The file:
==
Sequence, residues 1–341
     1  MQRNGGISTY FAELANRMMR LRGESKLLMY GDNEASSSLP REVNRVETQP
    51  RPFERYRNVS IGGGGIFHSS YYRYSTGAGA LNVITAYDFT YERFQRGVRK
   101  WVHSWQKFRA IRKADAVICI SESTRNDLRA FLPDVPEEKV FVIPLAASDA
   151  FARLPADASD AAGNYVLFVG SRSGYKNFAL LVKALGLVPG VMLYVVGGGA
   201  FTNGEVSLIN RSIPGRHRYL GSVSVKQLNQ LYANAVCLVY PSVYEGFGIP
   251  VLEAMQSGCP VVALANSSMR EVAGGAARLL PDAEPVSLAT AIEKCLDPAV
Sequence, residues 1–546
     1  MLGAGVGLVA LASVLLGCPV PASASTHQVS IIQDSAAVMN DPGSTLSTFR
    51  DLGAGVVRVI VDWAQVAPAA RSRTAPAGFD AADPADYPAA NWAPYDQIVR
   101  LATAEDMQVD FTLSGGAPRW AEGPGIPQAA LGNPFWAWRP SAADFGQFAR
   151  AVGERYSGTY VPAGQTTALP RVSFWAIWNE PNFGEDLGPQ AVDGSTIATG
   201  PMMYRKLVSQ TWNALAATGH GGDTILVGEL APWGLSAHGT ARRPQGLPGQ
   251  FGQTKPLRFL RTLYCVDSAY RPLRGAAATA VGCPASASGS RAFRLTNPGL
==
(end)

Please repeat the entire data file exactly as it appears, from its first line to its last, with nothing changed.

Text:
Sequence, residues 1–341
     1  MQRNGGISTY FAELANRMMR LRGESKLLMY GDNEASSSLP REVNRVETQP
    51  RPFERYRNVS IGGGGIFHSS YYRYSTGAGA LNVITAYDFT YERFQRGVRK
   101  WVHSWQKFRA IRKADAVICI SESTRNDLRA FLPDVPEEKV FVIPLAASDA
   151  FARLPADASD AAGNYVLFVG SRSGYKNFAL LVKALGLVPG VMLYVVGGGA
   201  FTNGEVSLIN RSIPGRHRYL GSVSVKQLNQ LYANAVCLVY PSVYEGFGIP
   251  VLEAMQSGCP VVALANSSMR EVAGGAARLL PDAEPVSLAT AIEKCLDPAV
Sequence, residues 1–546
     1  MLGAGVGLVA LASVLLGCPV PASASTHQVS IIQDSAAVMN DPGSTLSTFR
    51  DLGAGVVRVI VDWAQVAPAA RSRTAPAGFD AADPADYPAA NWAPYDQIVR
   101  LATAEDMQVD FTLSGGAPRW AEGPGIPQAA LGNPFWAWRP SAADFGQFAR
   151  AVGERYSGTY VPAGQTTALP RVSFWAIWNE PNFGEDLGPQ AVDGSTIATG
   201  PMMYRKLVSQ TWNALAATGH GGDTILVGEL APWGLSAHGT ARRPQGLPGQ
   251  FGQTKPLRFL RTLYCVDSAY RPLRGAAATA VGCPASASGS RAFRLTNPGL